By Alison Sider
A Federal Aviation Administration no-fly zone is in place over Mayflower, Ark., where a ruptured pipeline leaked thousands of barrels of oil into a residential neighborhood.
The temporary flight restriction has been place since Monday, according to the FAA website. Lynn Lunsford, a spokesman for the FAA, said it applies only to aircraft operating below 1,000 feet above the ground.
Mr. Lunsford said local disaster response officials requested the restriction on flights because they are using "at least one" helicopter to move crews and to spot oil that can't be seen from the ground.
"The pilot of the helicopter needs to be able to move about freely without potential conflicts with other aircraft," Mr. Lunsford wrote in an email. He said similar restrictions are regularly put in place when aircraft are used in disaster response.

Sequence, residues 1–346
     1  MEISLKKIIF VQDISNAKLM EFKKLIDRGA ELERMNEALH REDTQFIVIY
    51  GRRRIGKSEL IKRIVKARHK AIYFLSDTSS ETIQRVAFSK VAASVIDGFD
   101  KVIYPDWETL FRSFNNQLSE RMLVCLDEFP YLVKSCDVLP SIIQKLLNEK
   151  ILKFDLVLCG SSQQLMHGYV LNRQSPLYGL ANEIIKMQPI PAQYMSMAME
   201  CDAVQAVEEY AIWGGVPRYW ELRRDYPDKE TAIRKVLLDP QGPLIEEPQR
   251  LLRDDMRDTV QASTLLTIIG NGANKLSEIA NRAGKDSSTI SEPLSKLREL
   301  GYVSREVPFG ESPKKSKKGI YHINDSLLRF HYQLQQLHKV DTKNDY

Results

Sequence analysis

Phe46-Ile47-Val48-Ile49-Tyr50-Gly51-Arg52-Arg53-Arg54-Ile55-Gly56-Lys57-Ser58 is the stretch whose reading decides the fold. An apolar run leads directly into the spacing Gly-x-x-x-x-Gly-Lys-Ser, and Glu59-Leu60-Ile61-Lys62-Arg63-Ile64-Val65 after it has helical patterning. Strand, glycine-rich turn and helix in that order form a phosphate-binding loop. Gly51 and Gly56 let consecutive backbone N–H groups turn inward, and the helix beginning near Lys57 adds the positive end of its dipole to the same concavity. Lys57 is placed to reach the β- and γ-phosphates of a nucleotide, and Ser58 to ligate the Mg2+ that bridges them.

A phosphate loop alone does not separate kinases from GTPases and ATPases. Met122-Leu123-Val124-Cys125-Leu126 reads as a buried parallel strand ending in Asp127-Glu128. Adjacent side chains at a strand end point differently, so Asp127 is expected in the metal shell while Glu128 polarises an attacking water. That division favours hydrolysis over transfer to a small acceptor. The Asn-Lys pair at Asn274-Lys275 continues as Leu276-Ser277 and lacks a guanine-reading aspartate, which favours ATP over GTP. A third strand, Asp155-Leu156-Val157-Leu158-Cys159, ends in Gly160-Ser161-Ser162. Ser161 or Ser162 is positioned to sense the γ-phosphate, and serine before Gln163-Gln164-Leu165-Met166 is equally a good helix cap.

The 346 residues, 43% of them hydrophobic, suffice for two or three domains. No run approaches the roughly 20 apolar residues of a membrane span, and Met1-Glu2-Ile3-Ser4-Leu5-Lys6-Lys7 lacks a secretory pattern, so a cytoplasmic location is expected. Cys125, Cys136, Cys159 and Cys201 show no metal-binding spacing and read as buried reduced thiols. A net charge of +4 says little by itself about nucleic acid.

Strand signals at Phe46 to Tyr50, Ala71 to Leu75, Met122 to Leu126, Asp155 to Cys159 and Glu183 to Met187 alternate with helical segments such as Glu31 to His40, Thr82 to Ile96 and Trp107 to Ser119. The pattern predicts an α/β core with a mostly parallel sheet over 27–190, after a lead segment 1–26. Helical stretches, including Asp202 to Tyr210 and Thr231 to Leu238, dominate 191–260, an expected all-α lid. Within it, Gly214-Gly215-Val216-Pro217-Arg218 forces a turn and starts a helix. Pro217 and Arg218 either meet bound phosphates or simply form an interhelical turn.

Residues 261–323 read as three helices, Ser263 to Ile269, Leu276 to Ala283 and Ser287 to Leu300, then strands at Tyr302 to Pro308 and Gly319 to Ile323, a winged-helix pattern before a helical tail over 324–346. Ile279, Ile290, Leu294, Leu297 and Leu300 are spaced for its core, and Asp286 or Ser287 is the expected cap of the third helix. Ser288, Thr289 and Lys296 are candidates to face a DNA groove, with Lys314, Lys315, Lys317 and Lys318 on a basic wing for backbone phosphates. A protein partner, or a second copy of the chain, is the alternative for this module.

The agency is in the process of amending the restriction to allow news media aircraft into the area, Mr. Lunsford said.
The cause of the spill from Exxon Mobil Corp.'s (XOM) Pegasus pipeline is still not known.
The spill, which the Pipeline and Hazardous Materials Safety Administration estimated at 3,500 to 5,000 barrels, prompted the evacuation of 22 homes. Exxon said Wednesday that crews had started working to replace soil in the neighborhood that had been soaked with oil from the pipeline, and that state health authorities will determine when the residents can return to their homes.
The federal pipeline regulators issued a corrective action order against Exxon Tuesday, barring the company from restarting the 95,000-barrel-a-day pipeline until the line has been closely inspected and the agency gives its permission. Exxon has said it will excavate a portion of the line to take a closer look.
Arkansas Attorney General Dustin McDaniel said Tuesday that his office would open an investigation into the incident.
--Tom Fowler contributed to this article.
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